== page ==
Quitting was the easy part. It was the deciding to quit that almost killed me.
When I announced that I was leaving a career that I honestly loved to take a one-year sabbatical, the translation quickly became “she’s quitting to care for her children”. That sounds logical. That makes sense in our culture. The measure of love I have for my children is the largest number you can think of multiplied by itself. So, if that was the truth, then deciding to quit would have been a piece of cake.
But that wasn’t the truth. I quit because I was planning to be selfish…
Mid-life and worn-out. My clothes didn’t fit. I constantly registered crabby on the happiness scale. And did I mention the actual scale? Unhealthy, unhappy, and unwrapping year 41 of life. I was not myself—or at least the version of myself I wished to be.
The suffix -ish is used to form adjectives from nouns. It means “belonging to”, “having the characteristics of,” and “near or about” … I knew I was detached from myself which meant I needed to return to myself, exhibit the characteristics of my true self, and be closer to my inner self. I had to be selfish.
And because I had purposefully created this life that I loved—and because of all that have loved me—I felt like a royal jerk to say ‘thanks for all the faith in me and great times but I’m going to go spend a year getting to know my mid-life self so I make sure that I kick the second half of my life’s ass having an amazing time and just being happy”. Sounds great and all, but actually saying those words out loud is something I tried to talk myself out of over and over again. How selfish could I really be?
After I decided to quit and after I said the words out loud – to actual people – it was easy. Not in the easy button kind of way that doesn’t really exist but in the ‘this feels easy because I want to do it, it feels authentic, and I am growing into the person I want to be for the second half of my life’ kind of easy.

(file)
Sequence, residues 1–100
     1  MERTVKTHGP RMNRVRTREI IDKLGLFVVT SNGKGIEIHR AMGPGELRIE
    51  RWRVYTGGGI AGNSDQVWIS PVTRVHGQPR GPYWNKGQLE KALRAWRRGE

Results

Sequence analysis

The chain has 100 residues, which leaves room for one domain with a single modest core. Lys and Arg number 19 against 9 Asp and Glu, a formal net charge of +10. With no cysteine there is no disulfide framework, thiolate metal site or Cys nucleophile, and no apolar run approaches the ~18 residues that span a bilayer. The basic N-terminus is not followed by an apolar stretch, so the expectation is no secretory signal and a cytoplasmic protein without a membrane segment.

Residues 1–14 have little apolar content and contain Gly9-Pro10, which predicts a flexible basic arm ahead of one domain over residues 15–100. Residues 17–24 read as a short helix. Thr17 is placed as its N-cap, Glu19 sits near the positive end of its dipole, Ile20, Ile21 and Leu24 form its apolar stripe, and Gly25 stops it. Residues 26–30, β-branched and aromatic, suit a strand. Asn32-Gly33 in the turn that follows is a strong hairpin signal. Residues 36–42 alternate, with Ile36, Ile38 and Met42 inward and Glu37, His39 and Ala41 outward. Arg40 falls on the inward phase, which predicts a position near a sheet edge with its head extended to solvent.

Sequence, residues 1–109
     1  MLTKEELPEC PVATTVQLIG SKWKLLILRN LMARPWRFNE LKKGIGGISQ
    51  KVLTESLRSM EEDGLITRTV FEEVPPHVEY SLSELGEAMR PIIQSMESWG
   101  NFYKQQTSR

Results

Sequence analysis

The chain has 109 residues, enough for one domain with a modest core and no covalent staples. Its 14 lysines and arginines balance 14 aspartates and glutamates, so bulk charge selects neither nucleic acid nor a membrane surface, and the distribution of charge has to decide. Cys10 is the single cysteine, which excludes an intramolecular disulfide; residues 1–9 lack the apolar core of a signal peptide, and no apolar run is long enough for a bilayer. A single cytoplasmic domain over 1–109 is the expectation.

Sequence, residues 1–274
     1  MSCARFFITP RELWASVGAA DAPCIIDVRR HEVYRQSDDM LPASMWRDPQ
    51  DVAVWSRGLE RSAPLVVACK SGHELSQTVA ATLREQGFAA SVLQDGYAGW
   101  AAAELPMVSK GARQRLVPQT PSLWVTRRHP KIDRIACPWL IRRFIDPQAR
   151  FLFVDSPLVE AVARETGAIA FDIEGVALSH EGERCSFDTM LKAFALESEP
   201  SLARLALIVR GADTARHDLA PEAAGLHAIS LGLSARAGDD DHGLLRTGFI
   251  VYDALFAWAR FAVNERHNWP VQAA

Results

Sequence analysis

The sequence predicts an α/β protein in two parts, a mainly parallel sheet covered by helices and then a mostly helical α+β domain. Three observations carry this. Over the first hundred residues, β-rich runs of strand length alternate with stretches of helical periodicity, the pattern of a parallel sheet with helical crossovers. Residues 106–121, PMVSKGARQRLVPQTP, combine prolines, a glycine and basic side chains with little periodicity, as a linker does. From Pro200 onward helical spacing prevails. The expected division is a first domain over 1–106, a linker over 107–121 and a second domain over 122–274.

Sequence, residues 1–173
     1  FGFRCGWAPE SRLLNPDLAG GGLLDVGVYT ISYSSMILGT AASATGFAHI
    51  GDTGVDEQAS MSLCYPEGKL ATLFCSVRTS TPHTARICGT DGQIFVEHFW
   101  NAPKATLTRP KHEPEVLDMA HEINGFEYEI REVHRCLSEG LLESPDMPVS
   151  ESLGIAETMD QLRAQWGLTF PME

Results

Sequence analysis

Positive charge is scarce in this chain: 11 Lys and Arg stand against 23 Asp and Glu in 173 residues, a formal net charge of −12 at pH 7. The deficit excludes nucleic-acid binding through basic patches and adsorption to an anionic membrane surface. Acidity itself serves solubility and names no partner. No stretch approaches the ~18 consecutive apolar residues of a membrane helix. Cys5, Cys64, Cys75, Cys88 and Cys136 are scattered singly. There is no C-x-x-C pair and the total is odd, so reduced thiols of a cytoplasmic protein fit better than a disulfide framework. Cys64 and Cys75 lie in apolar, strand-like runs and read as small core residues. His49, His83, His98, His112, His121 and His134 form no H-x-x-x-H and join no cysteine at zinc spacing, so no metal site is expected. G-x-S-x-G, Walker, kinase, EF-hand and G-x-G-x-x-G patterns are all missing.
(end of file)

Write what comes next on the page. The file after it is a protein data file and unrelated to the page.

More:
It’s been 18 months since I quit and people often ask me for advice. And while it feels like it may kill you, it can actually save you, this whole selfish thing… because if you aren’t displaying the characteristics of your true self, if you aren’t near to your authentic self, and if you don’t belong to your actual self, then what’s the point?
It took me 41 years—plus 1 sabbatical year of hard work getting acquainted with my mid-life self —to learn that being selfish won’t kill you. It will actually tip the scales in your favor and you’ll feel so much lighter in your loafers as you teach those you love to love themselves too. Click To Tweet
So maybe the translation wasn’t all wrong? Maybe by quitting and intentionally being selfish, I did actually quit to better care for my children.
In 2017, Jessica Petty left her corporate life in pharmaceutical leadership, including Novartis and Elanco Animal Health, to rest for one year. She’s now the Executive Director of Retrieving Independence, a nonprofit service dog organization in Nashville, TN, where her days are focused on helping individuals living with mental and physical disabilities regain independence through the unconditional love and service of an exceptionally trained dog. You can reach her anytime at email@example.com.
VetSuccess is a proud sponsor of Retrieving Independence’s work to change lives through the remarkable dedication of service animals.